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China – to do or not to do

Chantal Grinderslev_FundForumASIA 2018China is always both fast and slow. Slow to change but a fast adopter once initiated. As China opens the financial sector to foreign majority ownership, my clients find themselves grappling with the question of just how to compete in the marketplace.

For years, I’ve helped global asset managers move past the complications of continuously changing regulations. Move past the ‘how to’ of market access. In the end each manager lands on a singular issue: how exactly does one graft a company’s global DNA onto such a unique market? While regulations are a good analog of market direction, I find that what matters most is deciding who you will target and why. The answer to that will fundamentally drive your business plan and allow you to slot in, or set aside, new rule issuance in an ever-changing market.

Understanding the underlying dynamics of investor demand and the economic undertones at play is critical. Here’s my take on market growth drivers – past and future:

AUM growth

Moving forward, the onshore market will see the most growth. China will maintain an aggressive home bias but that will give way to a need for global solutions in time.

  • Looking back…Mutual fund AUM quadrupled over the past 10 years to USD1.8tr (2017-end), a historic growth achieved without the support of any defined contribution pension flows to date. Bank disintermediation combined with market volatility pushed flows into short-term products, while critical interest rate reforms pushed better risk/return and cash-equivalent products.
  • To look forward…Expect a six-fold increase in mutual fund AUM to USD12tr by 2027. Increased depth and breadth within domestic capital markets stand to dampen volatility and attract long-term investors. The introduction of tax-incentivized pension programs this year will lead to increased flows and a more mature market, with pension flows reaching 40% of total fund AUM by 2027.
  • Flows into global products appear sizeable in absolute terms (USD715bn) but will represent no more than 6% of industry AUM. The largest, AUM needle-moving opportunity without a doubt resides locally in the onshore market. But cross-border plays are not without merit: as China goes global – pursuing investment and business abroad – offshore needs will begin to differ from those onshore. The geographical split of such organic asset growth could increasingly sideline the importance of capital controls over time. Financial solutions will need to address both pools of assets holistically.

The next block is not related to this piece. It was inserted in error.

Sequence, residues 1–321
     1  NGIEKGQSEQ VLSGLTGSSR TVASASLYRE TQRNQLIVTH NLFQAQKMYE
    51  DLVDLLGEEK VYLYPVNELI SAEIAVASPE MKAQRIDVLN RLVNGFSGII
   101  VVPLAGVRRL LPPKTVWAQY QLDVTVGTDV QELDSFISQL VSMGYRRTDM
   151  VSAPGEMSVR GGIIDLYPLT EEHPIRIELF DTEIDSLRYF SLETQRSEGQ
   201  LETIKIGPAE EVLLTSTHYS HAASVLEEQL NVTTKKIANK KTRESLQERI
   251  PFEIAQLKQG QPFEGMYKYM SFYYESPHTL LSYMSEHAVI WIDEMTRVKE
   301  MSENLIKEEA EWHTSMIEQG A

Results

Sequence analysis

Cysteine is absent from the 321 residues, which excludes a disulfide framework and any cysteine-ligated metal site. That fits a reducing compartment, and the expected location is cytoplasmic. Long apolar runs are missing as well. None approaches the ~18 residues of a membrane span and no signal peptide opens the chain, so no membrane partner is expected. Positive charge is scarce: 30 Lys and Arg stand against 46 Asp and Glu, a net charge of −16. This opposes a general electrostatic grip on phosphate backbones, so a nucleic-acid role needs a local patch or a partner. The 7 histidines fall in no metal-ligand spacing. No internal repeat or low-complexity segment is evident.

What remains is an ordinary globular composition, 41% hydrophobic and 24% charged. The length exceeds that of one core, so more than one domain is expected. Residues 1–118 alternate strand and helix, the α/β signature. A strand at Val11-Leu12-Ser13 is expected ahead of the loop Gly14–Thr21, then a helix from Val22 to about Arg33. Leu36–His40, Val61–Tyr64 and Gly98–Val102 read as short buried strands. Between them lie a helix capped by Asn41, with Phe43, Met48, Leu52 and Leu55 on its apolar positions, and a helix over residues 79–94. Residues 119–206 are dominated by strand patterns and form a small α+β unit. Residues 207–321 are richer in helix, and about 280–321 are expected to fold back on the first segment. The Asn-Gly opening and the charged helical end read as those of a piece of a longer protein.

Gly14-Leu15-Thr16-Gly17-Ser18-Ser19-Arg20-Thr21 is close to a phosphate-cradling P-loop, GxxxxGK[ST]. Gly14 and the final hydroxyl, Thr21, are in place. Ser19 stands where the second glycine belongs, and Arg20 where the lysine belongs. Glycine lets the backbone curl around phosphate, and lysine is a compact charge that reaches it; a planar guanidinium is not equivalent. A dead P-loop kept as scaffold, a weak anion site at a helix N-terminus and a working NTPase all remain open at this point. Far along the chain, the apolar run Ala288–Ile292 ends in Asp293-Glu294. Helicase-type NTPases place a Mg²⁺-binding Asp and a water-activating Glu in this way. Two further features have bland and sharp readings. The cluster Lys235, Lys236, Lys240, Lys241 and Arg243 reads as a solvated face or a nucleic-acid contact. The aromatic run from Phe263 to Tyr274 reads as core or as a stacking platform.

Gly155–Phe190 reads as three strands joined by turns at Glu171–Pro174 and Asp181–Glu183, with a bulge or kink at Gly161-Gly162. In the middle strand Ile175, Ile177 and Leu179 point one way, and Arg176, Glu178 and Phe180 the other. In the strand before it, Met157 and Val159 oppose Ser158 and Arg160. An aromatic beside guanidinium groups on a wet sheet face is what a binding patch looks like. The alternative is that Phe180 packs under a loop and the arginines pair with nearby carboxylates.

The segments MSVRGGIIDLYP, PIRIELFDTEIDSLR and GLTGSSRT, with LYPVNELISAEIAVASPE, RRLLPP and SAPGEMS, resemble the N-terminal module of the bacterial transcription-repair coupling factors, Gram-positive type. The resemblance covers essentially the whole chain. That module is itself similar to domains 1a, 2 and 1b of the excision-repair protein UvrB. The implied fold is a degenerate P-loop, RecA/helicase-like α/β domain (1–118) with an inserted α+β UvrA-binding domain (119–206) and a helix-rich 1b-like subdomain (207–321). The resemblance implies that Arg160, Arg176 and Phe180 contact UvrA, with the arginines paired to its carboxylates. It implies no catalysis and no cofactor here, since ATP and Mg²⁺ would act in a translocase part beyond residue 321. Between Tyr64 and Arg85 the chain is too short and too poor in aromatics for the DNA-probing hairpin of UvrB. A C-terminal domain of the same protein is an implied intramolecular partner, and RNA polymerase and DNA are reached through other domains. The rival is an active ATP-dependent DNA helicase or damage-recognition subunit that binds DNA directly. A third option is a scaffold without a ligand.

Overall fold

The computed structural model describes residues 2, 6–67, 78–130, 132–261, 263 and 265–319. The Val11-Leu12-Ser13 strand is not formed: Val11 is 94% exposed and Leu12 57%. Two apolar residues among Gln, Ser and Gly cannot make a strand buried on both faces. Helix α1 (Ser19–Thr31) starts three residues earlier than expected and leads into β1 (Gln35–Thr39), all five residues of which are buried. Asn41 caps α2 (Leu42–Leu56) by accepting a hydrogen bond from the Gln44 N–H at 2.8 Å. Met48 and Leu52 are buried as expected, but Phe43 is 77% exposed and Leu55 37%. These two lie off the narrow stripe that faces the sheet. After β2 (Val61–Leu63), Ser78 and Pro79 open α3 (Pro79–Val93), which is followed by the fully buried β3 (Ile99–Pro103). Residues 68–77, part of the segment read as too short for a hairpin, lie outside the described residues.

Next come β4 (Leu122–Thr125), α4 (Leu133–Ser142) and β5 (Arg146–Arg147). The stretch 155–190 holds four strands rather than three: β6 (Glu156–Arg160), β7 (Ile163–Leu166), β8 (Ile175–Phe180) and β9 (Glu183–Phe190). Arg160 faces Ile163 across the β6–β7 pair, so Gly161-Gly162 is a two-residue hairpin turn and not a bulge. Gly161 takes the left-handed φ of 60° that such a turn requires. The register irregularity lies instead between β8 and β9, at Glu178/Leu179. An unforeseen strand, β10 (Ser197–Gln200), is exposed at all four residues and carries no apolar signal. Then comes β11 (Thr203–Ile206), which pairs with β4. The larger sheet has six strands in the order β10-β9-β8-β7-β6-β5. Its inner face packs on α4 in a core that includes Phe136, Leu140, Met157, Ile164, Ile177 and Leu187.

1Product demand

A strong belief in active management will persist, but as property investments turn debt-driven, there will be a growing need for portfolio diversification and returns achieved on a risk-adjusted basis.

  • Broadly speaking, a unique risk-reward profile exists in China that differs from global markets. With property a common investment that has claimed a near 20-year streak of appreciation, investment allocations have remained barbelled between equities and property with little diversification in-between. Cash-acquired property has long doubled as both a savings investment and a retirement plan in a country devoid of commercial pensions – until now. An uptick in mortgages – dovetailed with new-to-market tax-incentive retirement programs and target date funds – will encourage product diversification.
  • Contrary to global trends, China claims a lower adoption rate of low-fee passive products, but this will change as diversification becomes more commonplace and even sought after. Cash-equivalent solutions will however experience a decline in their overall share of industry AUM, in favor of active equity and active fixed income as end-client demand continues to mature.


With mutual fund companies generating 30-40% in net margins on average, total industry profitability is set to rise from USD4.4bn in 2017 to USD32bn by 2027. The key to capturing flows lies in market timing and vigilant monitoring of evolving investor demand.

Chantal Grinderslev advises global financial services firms on their China strategy and execution. At present she specializes in distribution dynamics, RMB credit and cross-border flows, but her functional focus remains broad: reconciling business goals with operational practicalities. Prior to joining Z-Ben Advisors, Chantal focused on policy and macro-economic issues in Beijing, London, Dakar, and Washington DC, working first as the director of a national non-profit and later as a diplomat. She holds degrees from the Georgetown School of Foreign Service and London School of Economics.

Click to find out more about Chantal Grinderslev at FundForum Asia >>

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